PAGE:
Spotlight On Tibet: A Tibetan Voice, A Ray of Light PDF Print E-mail
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Written by Julie Adler   

With the uncertain rollercoaster state of the worlds’ economies and the vociferous political race occurring in our own country, this cacophony of tribulations has all but drowned out continued exposure to the ongoing human rights struggles still raging in places such as Burma, Darfur and Tibet.

One voice that is determined not to be washed away with the downpour is Woeser, a 42-year-old Tibetan woman who lives in Beijing. Woeser (her name literally translates to ray of light) is becoming known as one of China’s greatest woman writers. Over the past five years, in relative obscurity but not anonymously, through her poems, essays and blog, she has managed to eloquently illuminate what it feels like to be Tibetan under Chinese occupation. Even though it is banned in China, her work is read worldwide. She unflinchingly tackles the subject of injustice and imprisonment of her people and openly criticizes her tormentors. She seems to be beyond fear, even of the Chinese government: In July, 2008, she sued the Chinese government for not granting her a passport after three years of requests. In August, she traveled to Lhasa for what she planned to be a one-month trip; after six days there, she was arrested and flown back to Beijing for questioning on a trumped-up charge of photographing military police. Today, she remains in her apartment in Beijing, unemployed, under constant police surveillance. Her blog was officially shut down but her writing continues.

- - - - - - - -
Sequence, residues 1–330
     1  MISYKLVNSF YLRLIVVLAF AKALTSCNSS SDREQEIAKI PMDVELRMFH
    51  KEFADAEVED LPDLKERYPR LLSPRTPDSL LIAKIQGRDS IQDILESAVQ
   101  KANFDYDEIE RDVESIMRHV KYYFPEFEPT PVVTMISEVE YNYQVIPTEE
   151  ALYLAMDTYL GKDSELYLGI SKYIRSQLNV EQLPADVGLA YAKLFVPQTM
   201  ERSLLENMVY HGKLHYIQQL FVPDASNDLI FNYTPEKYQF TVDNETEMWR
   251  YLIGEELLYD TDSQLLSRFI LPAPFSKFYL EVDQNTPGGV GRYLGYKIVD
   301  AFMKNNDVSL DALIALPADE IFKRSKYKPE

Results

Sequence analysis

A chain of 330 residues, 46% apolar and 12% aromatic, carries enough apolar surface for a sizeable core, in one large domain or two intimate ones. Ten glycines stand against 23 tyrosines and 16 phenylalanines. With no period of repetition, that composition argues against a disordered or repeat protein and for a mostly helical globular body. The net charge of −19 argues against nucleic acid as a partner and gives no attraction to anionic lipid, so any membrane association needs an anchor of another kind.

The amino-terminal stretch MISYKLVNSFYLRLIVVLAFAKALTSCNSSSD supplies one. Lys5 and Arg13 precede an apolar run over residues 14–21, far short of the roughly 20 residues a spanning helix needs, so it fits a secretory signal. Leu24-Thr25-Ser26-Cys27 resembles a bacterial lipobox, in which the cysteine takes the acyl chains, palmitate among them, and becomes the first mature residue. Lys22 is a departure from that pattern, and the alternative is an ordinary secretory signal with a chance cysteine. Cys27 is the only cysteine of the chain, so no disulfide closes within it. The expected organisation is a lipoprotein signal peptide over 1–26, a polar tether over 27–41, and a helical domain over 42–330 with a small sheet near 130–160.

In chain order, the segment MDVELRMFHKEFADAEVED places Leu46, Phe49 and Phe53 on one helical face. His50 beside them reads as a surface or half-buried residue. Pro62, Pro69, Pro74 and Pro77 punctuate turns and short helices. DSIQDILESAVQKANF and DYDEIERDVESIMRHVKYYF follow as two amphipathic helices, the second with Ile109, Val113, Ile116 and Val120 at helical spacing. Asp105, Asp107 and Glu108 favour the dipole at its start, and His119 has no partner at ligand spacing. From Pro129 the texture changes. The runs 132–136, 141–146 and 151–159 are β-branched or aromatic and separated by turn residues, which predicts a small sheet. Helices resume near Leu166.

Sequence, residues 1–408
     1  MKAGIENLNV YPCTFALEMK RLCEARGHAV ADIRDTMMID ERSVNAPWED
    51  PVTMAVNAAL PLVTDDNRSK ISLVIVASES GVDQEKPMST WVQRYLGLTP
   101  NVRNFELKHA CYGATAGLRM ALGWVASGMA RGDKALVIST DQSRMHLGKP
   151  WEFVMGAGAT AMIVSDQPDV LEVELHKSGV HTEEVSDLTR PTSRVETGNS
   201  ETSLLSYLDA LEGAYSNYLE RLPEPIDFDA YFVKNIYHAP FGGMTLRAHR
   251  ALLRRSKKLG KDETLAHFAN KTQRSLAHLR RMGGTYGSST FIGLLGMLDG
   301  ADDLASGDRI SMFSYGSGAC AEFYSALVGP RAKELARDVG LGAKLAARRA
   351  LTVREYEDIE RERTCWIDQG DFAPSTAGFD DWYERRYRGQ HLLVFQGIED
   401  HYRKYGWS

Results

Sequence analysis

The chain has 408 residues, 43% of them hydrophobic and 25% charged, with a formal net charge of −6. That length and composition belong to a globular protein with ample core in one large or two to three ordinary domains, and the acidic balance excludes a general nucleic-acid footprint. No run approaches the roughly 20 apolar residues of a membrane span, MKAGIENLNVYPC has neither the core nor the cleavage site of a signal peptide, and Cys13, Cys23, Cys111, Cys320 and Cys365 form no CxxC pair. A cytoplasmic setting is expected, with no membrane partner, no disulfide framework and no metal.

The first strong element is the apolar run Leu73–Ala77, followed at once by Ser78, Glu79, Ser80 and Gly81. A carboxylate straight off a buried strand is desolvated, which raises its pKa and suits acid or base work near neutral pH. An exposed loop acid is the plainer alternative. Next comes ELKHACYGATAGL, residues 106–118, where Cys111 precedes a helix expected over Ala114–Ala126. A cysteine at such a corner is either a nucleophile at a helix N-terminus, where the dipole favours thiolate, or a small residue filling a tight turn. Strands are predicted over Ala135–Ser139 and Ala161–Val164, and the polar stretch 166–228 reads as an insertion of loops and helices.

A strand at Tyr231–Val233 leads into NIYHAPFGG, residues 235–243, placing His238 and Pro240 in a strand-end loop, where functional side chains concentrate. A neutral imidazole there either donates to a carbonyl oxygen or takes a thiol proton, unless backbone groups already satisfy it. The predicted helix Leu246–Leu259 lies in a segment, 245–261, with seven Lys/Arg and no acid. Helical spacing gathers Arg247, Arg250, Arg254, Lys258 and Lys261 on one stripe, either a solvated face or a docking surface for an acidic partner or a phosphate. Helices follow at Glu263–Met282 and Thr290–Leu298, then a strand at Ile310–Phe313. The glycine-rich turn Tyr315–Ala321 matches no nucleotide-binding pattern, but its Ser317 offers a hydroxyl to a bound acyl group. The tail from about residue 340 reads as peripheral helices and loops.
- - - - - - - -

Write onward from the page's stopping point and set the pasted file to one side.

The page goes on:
With the help of A.E. Clark, a new collection of Woeser’s poems has been translated into English. To find out more, visit: To find out the latest news on Woeser, visit:

Julie Adler is a producer of the radio show The Tibet Connection. For more info, broadcast times and updates:

A Selection of Woeser’s Poetry:

The Fear in Lhasa (August 23, 2008)

A hurried farewell to Lhasa,
Now a city of fear.

A hurried farewell to Lhasa,
Where the fear is greater than all the fear
after ’59, ’69, and ’89 put together.

A hurried farewell to Lhasa,
Where the fear is in your breathing,
in the beating of your heart,
In the silence when you want to speak
but don’t,
In the catch in your throat.

A hurried farewell to Lhasa,
Where constant fear has been wrought
by legions with their guns,
By countless police with their guns,
By plainclothesmen beyond counting,
And still more by the colossal machinery
of the State that stands behind them
night and day;
But you mustn’t point a camera at them
or you’ll get a gun pointed at you,
maybe hauled off into some corner
and no one will know.

A hurried farewell to Lhasa,
Where the fear starts at the Potala and
strengthens as you go east, through the
Tibetans’ quarter.
Dreadful footsteps reverberate all round,
but in daylight you won’t glimpse even their shadow;
They are like demons invisible by day,
but the horror is worse, it could drive you mad.
A few times I have passed them and the
cold weapons in their hands.

A hurried farewell to Lhasa,
Where the fear is now minutely scanned by
the cameras that stud avenues and alleys
and offices,
and every monastery and temple hall;
All those cameras,
Taking it all in,
Swiveling from the outer world to peer
inside your mind.
“Zap zap jé!” They’re watching us —
among Tibetans this has become a byword,
furtively whispered.

A hurried farewell to Lhasa:
The fear in Lhasa breaks my heart.
Got to write it down.

The Past (September 2002 Yunnan, in sight of Mt. Khawa Karpo)

This snow-clad mountain, melting,
is not my snow mountain.
My snow mountains are the
mountains of the past,
Far at the sky’s edge, holy and pure:
Many a lotus, eight petals opening,
Oh, many a lotus, eight petals opening.

This lotus, withering,
cannot be my lotus.
My lotus is the lotus of the past,
Enfolding the snow mountains, lovely,
Many a prayer flag, five colors fluttering,
Oh, many prayer flags,
five colors fluttering.

The past, the past…such a past!
A host of divinities sheltered
our homeland
As a lama keeps watch over souls,
As a mastiff stands guard by the tent.
But the host of divinities is
long gone, now,
The host of divinities is long gone.

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